When Fantasy Football Gets Too Real


Athletic Director J.C. Wright with an old Fantasy Football trophy

Parker Lally, Writer

Fantasy football is a very popular online simulation of the real life statistics of the NFL that takes place during the football season each year. According to the ESPN website, fantasy football is where “you select your own team of players, setting a lineup every week. Then, you watch as they run, pass, catch and score touchdowns, all of which are worth fantasy points. Every week, you are matched up with someone else in your league, and whoever has the most fantasy points that week, wins!”

Dating all the way back to 1962 when the concept emerged, fantasy football has continued to soar in popularity. The idea and the way the game is played has evolved constantly over the years. It was first played by a small group of men, who kept the score on scratch paper. Once the internet was invented and more accessible, fantasy football truly skyrocketed. 

Many students and staff at Central Hardin participate in the online phenomenon, and there is definitely a range of opinions on what the game is, why they play it, and if they even enjoy it. 

Athletic director J.C. Wright is very passionate about fantasy football.

“It’s the ultimate athletic competition in the world,” Wright said. “If you’re not a part of fantasy football, you’re missing out. It’s basically a way for people to talk trash, and give money.” 

On the other hand, junior Noah Payton was not as happy to talk about his fantasy football experience,

“I was made to [play the game].I was forced.” 

No matter how seriously you take the game, at the end of the day fantasy football is a way for you to keep in touch with old friends and make new ones. 

Coach Jackson playing fantasy football on his computer.

“I do it with friends from college. It’s a way to get together every year,” football coach Tyler Jackson voiced. On the other hand, he explained that some leagues are just for money. 

Like Coach Jackson, permanent substitute Blake Wheeler plays the game to talk to friends but also to gamble money.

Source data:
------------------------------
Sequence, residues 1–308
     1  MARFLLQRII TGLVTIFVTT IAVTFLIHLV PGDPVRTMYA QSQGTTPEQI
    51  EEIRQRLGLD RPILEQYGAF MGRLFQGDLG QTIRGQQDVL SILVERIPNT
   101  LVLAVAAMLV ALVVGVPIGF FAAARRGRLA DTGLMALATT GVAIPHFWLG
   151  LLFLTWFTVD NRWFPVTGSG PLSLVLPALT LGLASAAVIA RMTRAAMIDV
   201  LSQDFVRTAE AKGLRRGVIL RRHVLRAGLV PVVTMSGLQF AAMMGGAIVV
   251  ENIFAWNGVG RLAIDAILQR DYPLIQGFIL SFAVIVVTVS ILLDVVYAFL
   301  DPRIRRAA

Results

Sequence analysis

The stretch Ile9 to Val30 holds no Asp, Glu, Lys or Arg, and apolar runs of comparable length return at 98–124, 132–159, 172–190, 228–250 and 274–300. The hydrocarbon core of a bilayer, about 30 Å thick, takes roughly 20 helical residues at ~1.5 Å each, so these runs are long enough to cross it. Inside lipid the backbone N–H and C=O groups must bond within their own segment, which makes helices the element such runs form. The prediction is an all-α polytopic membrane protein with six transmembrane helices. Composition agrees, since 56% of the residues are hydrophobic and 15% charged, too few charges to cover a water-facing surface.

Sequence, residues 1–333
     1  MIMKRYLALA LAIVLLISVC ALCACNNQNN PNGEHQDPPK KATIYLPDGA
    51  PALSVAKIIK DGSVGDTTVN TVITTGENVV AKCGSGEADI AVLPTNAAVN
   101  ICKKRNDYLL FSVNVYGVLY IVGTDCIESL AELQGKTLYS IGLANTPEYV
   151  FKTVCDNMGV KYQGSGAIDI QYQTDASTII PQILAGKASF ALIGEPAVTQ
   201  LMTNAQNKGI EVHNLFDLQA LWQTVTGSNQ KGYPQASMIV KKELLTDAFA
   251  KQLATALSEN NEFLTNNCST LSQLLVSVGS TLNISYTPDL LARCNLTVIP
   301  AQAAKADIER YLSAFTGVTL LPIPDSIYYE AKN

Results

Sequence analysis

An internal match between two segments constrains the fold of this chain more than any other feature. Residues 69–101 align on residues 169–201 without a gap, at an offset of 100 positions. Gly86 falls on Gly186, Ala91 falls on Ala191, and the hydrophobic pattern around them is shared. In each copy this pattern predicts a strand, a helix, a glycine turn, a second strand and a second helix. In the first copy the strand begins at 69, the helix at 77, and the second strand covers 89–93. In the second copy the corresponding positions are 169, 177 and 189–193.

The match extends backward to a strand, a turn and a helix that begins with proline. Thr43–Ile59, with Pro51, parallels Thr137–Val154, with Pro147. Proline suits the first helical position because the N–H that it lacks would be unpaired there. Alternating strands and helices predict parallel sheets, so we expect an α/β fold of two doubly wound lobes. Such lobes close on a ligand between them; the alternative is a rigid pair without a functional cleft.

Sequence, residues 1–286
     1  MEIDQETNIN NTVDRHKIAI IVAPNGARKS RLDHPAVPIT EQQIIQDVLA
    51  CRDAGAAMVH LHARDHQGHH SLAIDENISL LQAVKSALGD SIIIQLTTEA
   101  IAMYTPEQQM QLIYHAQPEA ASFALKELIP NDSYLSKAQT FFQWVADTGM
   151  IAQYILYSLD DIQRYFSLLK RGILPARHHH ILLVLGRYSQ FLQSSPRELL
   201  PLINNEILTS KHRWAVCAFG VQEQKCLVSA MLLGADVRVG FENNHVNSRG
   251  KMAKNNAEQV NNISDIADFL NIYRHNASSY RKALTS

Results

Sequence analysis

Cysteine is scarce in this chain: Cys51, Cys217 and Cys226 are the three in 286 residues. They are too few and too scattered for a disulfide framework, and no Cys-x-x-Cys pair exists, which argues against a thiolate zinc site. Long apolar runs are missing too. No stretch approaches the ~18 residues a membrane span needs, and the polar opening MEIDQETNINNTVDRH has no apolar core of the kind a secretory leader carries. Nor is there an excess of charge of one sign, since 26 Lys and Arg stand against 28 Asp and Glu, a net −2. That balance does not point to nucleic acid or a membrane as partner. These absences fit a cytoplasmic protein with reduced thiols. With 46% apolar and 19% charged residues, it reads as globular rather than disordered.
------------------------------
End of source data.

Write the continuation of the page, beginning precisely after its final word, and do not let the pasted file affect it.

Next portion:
“It’s a way to stay in contact. There’s money involved which makes you care a little more having something on the line,” Wheeler explained. 

Assistant principal Tessa Dumbacher started playing fantasy football with her kids and even plays with their friends.

Ms. Dumbacher playing fantasy football on her phone.

“[I’ve played] since 2018 or 2017, five or six years,” Dumbacher said. “I got started doing it when Ace (her son, who is a junior) really wanted to do it but not enough friends that were old enough to understand it. My husband and I both did it. They don’t need us anymore but we still do it. I talk all sorts of mess to them.” 

Junior Matthew Stevens has done fantasy football for three years, and participates in six leagues this year.

“It’s just like something that’s lowkey, it’s not hard. It’s definitely entertaining,” Stevens said. 

Although Stevens is in six different leagues, you can do as many as you choose to. 

“Currently? I’m in 2,” Social Studies teacher Isaac Vanmeter spoke on how many leagues he is in. “It’s as many as you want to do. Some guys do four or five or six leagues. For me, it’s too much.”

There are definitely mixed feelings about the game, but Wright was not afraid to express how he feels about playing fantasy football.

“No. I LOVE fantasy football. Because I’m the best.”

Unlike Wright, Payton responded with a stern “No” when asked if he liked fantasy football.

Even if you don’t necessarily like playing the game, it’s always been a way for people to come together and agree on their interest in the game of football. 

“For me, it’s just fun.” Dumbacher said. “We love football at our house, so it’s a fun way to get involved.”